There are no hard-and-fast rules about what makes someone a “gay icon”—so how is it possible that queers generally reach such strong consensus about the celebrities who are meaningful to the LGBTQ community?
Somehow, without there ever being an official vote, we’ve come to accept that gay men adore Barbra Streisand and Cher. Kelly Clarkson has so many lesbian fans there’s a term for them (“kezbos”). And then of course there are celebs who are openly queer, like Wanda Sykes and George Takei.
In fact, thanks to the ever-growing number of celebrities who feel comfortable coming out, we have more living queer icons in 2017 than ever before. A decade or two ago, gay men tended to be limited to divas if they wanted a celebrity role model—now they have wrestlers like Darren Young and reporters like Anderson Cooper to look up to.
Why Do Openly Gay Celebrities Matter?
These figures are meaningful because we’re all accustomed to seeing queer figures marginalized, mocked or closeted by mainstream media. Despite the growing visibility, queers still seldom get to see themselves as main characters. (Back in 2015, there was an uproar when a few people suggested that James Bond might be gay at some point in the future.) So when we see a queer person who’s achieved success, power and respect, it means a lot. That’s why queers are so protective of folks like Lily Tomlin, Ian McKellen and Stephen Fry.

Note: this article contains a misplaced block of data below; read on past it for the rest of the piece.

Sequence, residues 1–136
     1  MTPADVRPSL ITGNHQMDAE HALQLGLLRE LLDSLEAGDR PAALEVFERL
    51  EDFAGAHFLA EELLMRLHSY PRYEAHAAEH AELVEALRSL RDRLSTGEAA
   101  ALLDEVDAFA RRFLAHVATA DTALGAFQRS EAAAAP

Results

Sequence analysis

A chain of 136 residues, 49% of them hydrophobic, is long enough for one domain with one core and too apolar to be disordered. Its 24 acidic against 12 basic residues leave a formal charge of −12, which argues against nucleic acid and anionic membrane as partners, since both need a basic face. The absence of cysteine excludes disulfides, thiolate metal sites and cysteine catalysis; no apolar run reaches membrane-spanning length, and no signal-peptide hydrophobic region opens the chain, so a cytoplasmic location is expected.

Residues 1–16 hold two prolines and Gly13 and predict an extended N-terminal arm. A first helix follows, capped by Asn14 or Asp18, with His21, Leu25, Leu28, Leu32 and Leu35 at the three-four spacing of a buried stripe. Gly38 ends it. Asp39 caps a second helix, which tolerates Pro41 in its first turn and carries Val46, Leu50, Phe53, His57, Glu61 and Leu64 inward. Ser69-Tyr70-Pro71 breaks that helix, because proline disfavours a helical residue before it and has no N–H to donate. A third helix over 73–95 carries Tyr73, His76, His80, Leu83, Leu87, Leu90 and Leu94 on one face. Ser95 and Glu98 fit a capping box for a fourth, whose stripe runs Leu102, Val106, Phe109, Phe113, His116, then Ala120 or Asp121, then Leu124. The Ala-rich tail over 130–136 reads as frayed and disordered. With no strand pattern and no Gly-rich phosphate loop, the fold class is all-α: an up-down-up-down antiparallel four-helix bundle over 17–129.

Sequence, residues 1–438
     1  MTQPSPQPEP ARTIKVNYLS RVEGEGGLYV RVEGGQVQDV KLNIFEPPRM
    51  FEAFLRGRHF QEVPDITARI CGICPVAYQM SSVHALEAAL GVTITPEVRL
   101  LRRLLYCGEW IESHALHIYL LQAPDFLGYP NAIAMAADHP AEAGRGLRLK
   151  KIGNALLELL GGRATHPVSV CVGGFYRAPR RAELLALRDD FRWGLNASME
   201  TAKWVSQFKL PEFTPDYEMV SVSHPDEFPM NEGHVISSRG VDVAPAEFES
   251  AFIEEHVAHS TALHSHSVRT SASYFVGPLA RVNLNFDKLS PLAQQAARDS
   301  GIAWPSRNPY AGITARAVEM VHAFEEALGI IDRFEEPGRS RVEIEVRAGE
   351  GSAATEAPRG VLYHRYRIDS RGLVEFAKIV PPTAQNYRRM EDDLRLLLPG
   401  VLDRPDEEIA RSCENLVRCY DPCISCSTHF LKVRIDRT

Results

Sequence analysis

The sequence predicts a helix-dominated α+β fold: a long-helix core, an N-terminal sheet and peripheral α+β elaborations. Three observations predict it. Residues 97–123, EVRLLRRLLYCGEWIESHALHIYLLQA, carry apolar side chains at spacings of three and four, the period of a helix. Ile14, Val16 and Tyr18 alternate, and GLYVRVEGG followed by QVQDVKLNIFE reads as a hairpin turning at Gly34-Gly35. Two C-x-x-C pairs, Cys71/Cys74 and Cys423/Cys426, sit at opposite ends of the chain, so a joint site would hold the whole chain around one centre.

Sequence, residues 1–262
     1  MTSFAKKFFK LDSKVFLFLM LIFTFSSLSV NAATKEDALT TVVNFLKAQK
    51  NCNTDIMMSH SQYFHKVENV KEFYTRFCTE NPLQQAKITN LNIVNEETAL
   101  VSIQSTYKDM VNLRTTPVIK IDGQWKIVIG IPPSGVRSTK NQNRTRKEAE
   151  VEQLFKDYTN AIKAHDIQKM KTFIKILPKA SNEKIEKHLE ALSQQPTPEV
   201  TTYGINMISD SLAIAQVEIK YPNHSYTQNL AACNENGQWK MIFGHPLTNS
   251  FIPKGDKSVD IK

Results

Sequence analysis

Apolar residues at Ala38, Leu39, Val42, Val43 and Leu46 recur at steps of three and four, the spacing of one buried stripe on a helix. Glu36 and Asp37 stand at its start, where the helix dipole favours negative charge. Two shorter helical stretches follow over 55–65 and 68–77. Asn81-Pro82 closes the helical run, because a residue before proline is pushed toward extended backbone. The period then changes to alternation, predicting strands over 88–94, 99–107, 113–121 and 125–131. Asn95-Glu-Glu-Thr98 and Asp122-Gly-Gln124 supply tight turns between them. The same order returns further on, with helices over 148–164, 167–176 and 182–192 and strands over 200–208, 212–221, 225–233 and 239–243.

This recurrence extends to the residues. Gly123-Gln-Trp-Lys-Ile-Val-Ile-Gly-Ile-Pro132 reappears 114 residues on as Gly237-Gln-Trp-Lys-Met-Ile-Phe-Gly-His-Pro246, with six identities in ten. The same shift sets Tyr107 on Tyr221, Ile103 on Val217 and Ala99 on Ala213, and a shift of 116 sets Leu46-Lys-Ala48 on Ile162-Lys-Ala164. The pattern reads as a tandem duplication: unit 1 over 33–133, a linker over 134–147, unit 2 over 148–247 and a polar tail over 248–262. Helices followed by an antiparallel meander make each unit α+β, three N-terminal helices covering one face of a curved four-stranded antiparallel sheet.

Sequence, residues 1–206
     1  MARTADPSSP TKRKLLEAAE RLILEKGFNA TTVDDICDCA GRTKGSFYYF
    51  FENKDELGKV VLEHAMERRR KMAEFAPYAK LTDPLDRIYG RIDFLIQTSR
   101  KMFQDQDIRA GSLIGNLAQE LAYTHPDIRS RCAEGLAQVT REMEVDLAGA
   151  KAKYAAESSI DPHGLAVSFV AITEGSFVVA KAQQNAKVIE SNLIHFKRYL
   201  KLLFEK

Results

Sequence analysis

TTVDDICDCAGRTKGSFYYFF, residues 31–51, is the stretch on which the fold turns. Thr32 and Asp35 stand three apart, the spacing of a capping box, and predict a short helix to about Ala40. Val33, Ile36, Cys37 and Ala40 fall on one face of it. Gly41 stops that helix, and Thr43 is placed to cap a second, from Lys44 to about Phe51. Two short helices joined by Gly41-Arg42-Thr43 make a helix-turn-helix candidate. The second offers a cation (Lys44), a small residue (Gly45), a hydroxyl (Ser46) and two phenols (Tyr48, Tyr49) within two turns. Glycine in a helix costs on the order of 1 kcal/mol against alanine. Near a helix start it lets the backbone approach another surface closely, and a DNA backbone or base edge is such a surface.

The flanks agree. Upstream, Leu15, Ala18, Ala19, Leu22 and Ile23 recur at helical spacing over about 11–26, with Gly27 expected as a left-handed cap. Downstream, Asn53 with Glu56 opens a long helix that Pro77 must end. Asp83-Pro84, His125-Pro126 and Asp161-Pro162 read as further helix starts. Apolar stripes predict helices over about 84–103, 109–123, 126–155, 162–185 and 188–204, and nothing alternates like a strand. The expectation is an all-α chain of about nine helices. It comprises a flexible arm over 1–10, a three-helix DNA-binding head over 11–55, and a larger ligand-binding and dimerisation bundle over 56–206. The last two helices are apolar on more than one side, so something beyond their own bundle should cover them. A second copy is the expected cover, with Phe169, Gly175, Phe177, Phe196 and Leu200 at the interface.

But what about the icons who aren’t queer—people like Cher, Diana Ross and Madonna? Those straight allies have been speaking to the LGBTQ community for decades, as when Madonna paid tribute to voguing (or, depending on your point of view, stole it); or when Diana Ross recorded the anthem “I’m Coming Out.” Bette Midler earned legions of gay fans by performing in bathhouses with Barry Manilow. By aligning themselves with a queer aesthetic, those artists sent a signal to gay fans, letting them know that they’re all part of the same big gay tribe.
What Makes a Gay Ally?
Sometimes a figure doesn’t even need to blow the the gay dog whistle very loudly. Dame Judi Dench, Julie Andrews, Meryl Streep, Joan Collins, Carol Channing—they aren’t exactly known for chasing queer audiences, and yet gay men seem to love them.
That’s probably because they’re all women with a track record of playing powerful roles—and, crucially, roles that challenge straight male authority. By upending traditional gender roles and defying expectations of male and female behavior, they’ve essentially volunteered for icon-status among queer people.
The best thing about all of the people mentioned in this article: as of the start of 2017, they’re all still alive, along with countless other icons like Betty White, Neil Patrick Harris, Carol Kane, Dolly Parton, Paul Reubens and Harvey Fierstein. And while of course they won’t be alive forever, we can count our lucky stars that we get to live at a time when we can enjoy their ongoing creative output.
After all, as Liza Minnelli (the daughter of the ultimate gay icon) once sang, “From cradle to tomb, it isn’t that long a stay.” We’ll all be corpses one day, so let’s make the most of the time we’ve got together.